Speaking to one of my cousins recently, I was reminded of the importance of good working relationships.
No, more than that – of having someone at work you consider to be a friend.
I realise that for some work and friendship might feel oxymoronic, and I’m aware that whenever I’ve introduced people to Gallup’s Q12 Survey, the response of “I have a best friend of work” cited as a reason for employee engagement doesn’t always go down well, and is often misinterpreted, but . . .
We’re not talking about work friendships that compromise working relationships; or inappropriate friendships that might lead to nepotism or make performance management difficult; or an over-familiarity that challenges decision-making or integrity.
In my cousin’s case, she was talking of a genuine friendship, formed over several years of working with a colleague . . . and one which has led to an out-of-work, social acquaintance that involves them spending days out together, and genuinely being good friends. In fact, it’s a friendship so strong that she expressed her sadness that this particular colleague might be moving on to another job (needs must etc). I’m guessing that many of us know what this type of friendship feels like.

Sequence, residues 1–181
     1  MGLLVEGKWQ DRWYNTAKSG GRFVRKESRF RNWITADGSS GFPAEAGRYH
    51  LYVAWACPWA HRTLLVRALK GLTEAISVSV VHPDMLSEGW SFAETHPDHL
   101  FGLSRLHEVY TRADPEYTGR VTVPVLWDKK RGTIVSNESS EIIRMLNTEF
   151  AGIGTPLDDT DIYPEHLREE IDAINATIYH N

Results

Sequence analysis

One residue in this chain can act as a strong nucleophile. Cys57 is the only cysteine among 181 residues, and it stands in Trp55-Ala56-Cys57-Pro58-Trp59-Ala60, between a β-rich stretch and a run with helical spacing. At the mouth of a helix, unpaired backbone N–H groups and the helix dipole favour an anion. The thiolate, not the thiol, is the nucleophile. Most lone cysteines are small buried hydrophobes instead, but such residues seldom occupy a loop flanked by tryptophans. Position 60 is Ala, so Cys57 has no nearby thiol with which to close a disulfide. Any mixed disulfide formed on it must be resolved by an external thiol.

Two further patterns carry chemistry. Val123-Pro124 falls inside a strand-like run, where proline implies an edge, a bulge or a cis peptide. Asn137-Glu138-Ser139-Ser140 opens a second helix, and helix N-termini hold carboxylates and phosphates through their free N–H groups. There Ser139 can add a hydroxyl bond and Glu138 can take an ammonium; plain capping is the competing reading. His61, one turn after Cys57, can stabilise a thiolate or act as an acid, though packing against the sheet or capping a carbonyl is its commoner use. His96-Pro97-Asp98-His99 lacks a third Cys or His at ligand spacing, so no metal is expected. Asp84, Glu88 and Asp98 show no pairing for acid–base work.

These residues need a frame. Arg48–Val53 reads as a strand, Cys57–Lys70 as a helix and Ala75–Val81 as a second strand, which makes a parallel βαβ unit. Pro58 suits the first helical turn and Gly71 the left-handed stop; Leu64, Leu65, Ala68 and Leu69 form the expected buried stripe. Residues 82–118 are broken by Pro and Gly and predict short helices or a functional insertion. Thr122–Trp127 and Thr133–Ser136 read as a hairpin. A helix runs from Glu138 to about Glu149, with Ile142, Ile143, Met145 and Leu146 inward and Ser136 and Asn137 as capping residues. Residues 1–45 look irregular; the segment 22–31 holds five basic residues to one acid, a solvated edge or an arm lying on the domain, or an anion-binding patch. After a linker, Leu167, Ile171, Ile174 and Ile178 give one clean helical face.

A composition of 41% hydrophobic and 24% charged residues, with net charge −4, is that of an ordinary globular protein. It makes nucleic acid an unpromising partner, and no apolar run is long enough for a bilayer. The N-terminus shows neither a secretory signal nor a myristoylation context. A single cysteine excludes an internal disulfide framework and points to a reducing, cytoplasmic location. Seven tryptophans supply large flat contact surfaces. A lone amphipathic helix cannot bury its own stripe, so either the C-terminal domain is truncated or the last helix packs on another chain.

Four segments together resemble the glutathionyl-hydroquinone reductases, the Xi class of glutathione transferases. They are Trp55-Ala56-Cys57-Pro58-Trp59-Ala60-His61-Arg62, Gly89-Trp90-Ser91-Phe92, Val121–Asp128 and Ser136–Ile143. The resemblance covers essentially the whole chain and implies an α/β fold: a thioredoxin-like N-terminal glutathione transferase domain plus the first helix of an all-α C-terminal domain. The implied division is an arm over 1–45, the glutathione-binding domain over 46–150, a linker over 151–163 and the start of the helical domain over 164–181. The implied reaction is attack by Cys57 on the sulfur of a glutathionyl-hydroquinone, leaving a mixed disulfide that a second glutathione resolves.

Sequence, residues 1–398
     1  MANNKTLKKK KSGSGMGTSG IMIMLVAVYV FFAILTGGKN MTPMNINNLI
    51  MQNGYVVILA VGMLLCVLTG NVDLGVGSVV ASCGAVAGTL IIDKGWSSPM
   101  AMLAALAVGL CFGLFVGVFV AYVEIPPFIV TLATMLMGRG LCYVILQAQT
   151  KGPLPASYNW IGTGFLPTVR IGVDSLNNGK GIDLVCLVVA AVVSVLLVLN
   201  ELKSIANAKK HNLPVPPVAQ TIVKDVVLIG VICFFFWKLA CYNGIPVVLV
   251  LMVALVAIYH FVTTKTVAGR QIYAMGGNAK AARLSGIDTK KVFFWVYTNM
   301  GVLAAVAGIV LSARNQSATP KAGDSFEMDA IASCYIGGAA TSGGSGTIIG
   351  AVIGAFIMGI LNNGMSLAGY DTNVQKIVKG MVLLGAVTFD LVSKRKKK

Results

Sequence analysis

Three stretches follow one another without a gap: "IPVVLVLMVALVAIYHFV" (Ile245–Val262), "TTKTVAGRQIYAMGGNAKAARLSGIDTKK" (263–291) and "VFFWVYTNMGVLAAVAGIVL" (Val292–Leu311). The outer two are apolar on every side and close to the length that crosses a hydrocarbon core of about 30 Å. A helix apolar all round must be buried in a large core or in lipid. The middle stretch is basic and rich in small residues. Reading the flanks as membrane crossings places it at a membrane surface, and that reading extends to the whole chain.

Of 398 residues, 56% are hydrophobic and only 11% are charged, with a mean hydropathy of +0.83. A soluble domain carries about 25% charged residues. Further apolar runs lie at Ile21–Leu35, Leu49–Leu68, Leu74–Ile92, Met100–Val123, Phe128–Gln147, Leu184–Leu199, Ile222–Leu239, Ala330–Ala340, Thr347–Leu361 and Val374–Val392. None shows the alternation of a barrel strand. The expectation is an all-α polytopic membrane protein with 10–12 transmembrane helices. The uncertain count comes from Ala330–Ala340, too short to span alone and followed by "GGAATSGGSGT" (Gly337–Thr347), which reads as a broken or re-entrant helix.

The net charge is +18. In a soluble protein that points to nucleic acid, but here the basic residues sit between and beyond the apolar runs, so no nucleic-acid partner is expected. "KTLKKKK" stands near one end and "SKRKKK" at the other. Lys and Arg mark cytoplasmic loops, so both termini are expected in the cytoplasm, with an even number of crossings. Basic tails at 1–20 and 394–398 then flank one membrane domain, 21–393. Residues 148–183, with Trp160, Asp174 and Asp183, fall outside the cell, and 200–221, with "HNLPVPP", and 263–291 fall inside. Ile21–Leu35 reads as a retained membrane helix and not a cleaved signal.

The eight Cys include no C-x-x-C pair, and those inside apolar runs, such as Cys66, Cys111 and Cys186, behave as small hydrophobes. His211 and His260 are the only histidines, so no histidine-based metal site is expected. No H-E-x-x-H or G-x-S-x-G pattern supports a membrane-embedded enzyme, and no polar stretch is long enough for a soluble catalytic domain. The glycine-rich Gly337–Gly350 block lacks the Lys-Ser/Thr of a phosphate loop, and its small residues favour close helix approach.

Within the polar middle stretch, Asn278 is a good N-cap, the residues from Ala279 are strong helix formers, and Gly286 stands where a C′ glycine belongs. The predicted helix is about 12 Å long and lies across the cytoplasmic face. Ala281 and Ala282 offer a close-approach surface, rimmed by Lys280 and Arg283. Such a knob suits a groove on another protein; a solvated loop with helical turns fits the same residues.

Personally, I am grateful for the friends I have made at work. Some of them are peers, some of them started as people I managed, others have been my boss. No friendship has ever interfered with the working relationship we were supposed to have; and the support and genuine care I’ve had from those friends has been something I’ll always be grateful for. And hanging on to their friendship when one of us has moved on and we’re no longer part of the same organisation, is something I’m proud of.
And the benefit for the workplace? Kevin Kruse, writing for Forbes in 2015, sums it up:
“Top performing teams are ones where social bonds are strong, and the power of friendship and engagement cannot be denied.”